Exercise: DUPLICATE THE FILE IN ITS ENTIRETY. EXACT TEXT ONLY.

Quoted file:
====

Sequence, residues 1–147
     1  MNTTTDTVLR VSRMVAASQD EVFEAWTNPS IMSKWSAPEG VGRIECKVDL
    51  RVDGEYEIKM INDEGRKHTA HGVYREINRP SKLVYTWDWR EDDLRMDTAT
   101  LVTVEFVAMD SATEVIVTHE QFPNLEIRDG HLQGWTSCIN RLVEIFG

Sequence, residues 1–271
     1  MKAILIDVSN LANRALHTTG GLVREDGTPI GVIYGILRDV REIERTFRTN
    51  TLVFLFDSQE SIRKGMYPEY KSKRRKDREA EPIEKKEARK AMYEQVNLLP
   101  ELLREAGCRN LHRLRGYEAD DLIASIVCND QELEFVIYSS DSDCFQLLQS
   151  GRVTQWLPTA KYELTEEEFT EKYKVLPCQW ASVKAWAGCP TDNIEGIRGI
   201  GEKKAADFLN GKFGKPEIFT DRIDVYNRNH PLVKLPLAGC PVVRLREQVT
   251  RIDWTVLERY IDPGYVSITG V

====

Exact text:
Sequence, residues 1–147
     1  MNTTTDTVLR VSRMVAASQD EVFEAWTNPS IMSKWSAPEG VGRIECKVDL
    51  RVDGEYEIKM INDEGRKHTA HGVYREINRP SKLVYTWDWR EDDLRMDTAT
   101  LVTVEFVAMD SATEVIVTHE QFPNLEIRDG HLQGWTSCIN RLVEIFG

Sequence, residues 1–271
     1  MKAILIDVSN LANRALHTTG GLVREDGTPI GVIYGILRDV REIERTFRTN
    51  TLVFLFDSQE SIRKGMYPEY KSKRRKDREA EPIEKKEARK AMYEQVNLLP
   101  ELLREAGCRN LHRLRGYEAD DLIASIVCND QELEFVIYSS DSDCFQLLQS
   151  GRVTQWLPTA KYELTEEEFT EKYKVLPCQW ASVKAWAGCP TDNIEGIRGI
   201  GEKKAADFLN GKFGKPEIFT DRIDVYNRNH PLVKLPLAGC PVVRLREQVT
   251  RIDWTVLERY IDPGYVSITG V